Illustration of Katie Telford

Katie Telford

Chief of Staff

Outsiders tend to assume Mr. Butts sets the strategy and Ms. Telford implements it, but it’s not that simple. While definitely more focused on organizational matters than her “co-CEO,” she also has strong influence on policy and communications discussions. As Mr. Trudeau’s national campaign director, Ms. Telford developed a reputation for favouring data- and results-driven decision-making – a counterbalance to Mr. Butts’s read on Mr. Trudeau’s emotional connections with Canadians. She appears inclined toward a strong degree of delegation, but often to people in whom she has developed a large amount of trust through previous working relationships – reflected in some of the PMO’s other staffing decisions.

Jane Taber reports on Ottawa’s newest major powerbroker PMO’s Katie Telford: ‘People underestimate her, and that has worked to her advantage’

Illustration of Gerald Butts

Gerald Butts

Principal Secretary

With by far the highest public profile of any political staffer in Ottawa, Mr. Butts – a top adviser to former Ontario premier Dalton McGuinty and a close friend of Mr. Trudeau since their McGill days – is commonly assumed to run the government behind the scenes. That’s an exaggeration: He and Ms. Telford are on equal footing and, in some instances, his is just one of several voices, with Mr. Trudeau rejecting his advice when he does not agree with it. Still, nobody other than the Prime Minister himself has had a stronger hand in shaping Mr. Trudeau’s political identity and agenda. Fiercely protective of Mr. Trudeau, and at times combative with journalists and critics, he is both a public and an internal guardian of the government’s narrative.

Illustration of Jeremy Broadhurst

Jeremy Broadhurst

Deputy Chief of Staff

A veteran political staffer who was chief of staff during Bob Rae’s stint as the Liberals’ interim leader, Mr. Broadhurst essentially served as Ms. Telford’s second-in-command during the party’s organizational rebuild leading up to last year’s election, and during the campaign itself. Known as a workhorse, he is reprising something akin to that role in government, including dealing with some of the more nitty-gritty aspects of operational matters. While usually on the same footing as the other senior officials below Ms. Telford and Mr. Butts, he would likely be the person to step in if, for some reason, both were unavailable.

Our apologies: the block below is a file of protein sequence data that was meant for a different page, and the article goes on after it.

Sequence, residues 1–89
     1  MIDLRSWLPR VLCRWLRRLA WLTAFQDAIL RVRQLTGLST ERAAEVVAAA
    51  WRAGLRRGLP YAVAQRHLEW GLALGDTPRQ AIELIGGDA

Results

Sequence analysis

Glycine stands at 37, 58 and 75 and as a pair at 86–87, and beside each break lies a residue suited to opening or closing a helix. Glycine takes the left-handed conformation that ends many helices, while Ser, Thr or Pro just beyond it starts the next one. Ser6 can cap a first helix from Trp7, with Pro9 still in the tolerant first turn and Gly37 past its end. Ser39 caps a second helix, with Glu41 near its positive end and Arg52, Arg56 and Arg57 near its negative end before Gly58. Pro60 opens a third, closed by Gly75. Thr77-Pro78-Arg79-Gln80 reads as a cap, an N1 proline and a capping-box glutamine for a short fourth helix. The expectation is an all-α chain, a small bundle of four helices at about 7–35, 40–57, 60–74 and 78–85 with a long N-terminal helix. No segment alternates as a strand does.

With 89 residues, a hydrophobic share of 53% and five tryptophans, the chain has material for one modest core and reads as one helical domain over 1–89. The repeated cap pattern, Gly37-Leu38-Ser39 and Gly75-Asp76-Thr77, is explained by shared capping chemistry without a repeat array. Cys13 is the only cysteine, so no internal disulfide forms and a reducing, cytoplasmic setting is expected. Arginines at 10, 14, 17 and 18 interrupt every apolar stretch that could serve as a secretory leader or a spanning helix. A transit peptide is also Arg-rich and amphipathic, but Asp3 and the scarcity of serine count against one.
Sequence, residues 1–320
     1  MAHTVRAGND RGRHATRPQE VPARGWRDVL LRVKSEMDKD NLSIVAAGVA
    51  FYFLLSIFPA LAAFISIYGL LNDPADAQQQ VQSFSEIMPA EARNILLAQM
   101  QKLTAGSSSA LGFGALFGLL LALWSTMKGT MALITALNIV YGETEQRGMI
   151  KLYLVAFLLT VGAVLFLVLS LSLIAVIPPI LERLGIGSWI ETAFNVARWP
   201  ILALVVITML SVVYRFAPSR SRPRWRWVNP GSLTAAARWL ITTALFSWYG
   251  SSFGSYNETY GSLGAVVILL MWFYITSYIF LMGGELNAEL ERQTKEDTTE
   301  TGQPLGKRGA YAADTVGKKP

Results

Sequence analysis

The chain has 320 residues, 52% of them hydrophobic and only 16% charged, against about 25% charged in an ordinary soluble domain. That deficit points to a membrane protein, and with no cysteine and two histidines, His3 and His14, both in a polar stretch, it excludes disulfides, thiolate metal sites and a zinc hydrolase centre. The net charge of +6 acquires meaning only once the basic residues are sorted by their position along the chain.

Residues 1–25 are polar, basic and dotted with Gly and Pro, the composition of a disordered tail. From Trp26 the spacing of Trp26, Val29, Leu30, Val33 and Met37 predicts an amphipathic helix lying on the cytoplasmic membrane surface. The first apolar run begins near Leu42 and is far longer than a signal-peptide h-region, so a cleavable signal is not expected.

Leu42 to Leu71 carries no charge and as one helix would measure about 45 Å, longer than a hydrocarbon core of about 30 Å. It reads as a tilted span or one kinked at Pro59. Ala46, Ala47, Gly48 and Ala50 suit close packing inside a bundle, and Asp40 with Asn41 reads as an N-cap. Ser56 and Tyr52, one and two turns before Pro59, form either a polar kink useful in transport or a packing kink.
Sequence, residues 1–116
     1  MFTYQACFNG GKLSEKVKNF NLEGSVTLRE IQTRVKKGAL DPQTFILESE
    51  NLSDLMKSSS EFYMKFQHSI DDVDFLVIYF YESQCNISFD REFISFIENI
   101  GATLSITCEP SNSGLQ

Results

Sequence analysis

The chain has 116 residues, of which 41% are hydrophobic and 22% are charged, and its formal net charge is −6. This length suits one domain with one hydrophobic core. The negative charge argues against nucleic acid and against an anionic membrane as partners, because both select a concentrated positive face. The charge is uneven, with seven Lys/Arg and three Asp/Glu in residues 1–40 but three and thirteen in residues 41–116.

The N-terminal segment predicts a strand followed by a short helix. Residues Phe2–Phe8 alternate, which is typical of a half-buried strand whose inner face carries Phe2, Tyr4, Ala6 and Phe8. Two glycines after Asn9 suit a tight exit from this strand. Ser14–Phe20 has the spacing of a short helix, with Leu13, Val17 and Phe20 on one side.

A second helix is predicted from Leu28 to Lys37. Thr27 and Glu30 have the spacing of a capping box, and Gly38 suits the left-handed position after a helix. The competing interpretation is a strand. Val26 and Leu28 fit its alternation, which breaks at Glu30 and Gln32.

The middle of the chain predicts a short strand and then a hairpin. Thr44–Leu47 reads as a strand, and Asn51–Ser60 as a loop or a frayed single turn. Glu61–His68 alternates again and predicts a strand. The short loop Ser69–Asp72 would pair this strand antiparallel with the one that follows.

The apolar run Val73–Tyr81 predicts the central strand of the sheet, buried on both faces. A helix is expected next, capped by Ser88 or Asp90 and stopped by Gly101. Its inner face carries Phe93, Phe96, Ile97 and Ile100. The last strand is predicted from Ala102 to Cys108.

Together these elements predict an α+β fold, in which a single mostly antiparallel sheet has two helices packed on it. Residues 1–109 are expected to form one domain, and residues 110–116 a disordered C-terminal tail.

Illustration of Cyrus Reporter

Cyrus Reporter

Senior Adviser

After serving as Mr. Trudeau’s chief of staff during his time as third-party leader, Mr. Reporter has now moved into a sort of project-management and trouble-shooting role in which he takes on one major and politically fraught file at a time, helping to co-ordinate government departments. To date, his job has mostly involved serving as the PMO’s point man on the Syrian-refugee file. A long-time chief of staff to Allan Rock when Mr. Rock was in Jean Chrétien’s cabinet, the British Columbia native has more experience working in federal government than anyone else in the PMO’s upper ranks.

Illustration of Mathieu Bouchard

Mathieu Bouchard

Senior Adviser

It has not escaped the francophone media that the PMO is decidedly light on senior staff from Quebec; Mr. Bouchard’s primary responsibility is to make sure the province’s perspective and interests are well represented. Relatively new to federal politics, the erstwhile partner at Montreal law firm Irving Mitchell Kalichman was brought into the fold by friend and former colleague (and now Heritage Minister) Mélanie Joly – assisting with Mr. Trudeau’s debate preparations, among other things, during the campaign. As well as stickhandling Quebec relations, Mr. Bouchard is also the PMO’s lead on legal affairs: roles that will soon converge as the government responds to Quebec’s legalization of medically assisted suicide.

Trudeau adviser Mathieu Bouchard more than just PMO’s ‘Quebec guy’

Illustration of Roland Paris

Roland Paris

Senior Adviser

The lead on foreign policy, Mr. Paris is the only senior staffer to come from the academic world – although he does have experience as a bureaucrat in the Foreign Affairs ministry and the Privy Council Office, where he served during the final years of the last Liberal regime. Subsequently, as the founding director of the University of Ottawa’s Centre for International Policy Studies, he penned an open letter last spring to whoever would be the next prime minister. It included calls for increased involvement in United Nations peace operations and other multilateral efforts; a “comprehensive response to fragile states” in the Middle East and elsewhere, with a focus on economic, social and security-related causes of instability; and a greater emphasis on trade with China.

Illustration of Kate Purchase

Kate Purchase

Director of Communications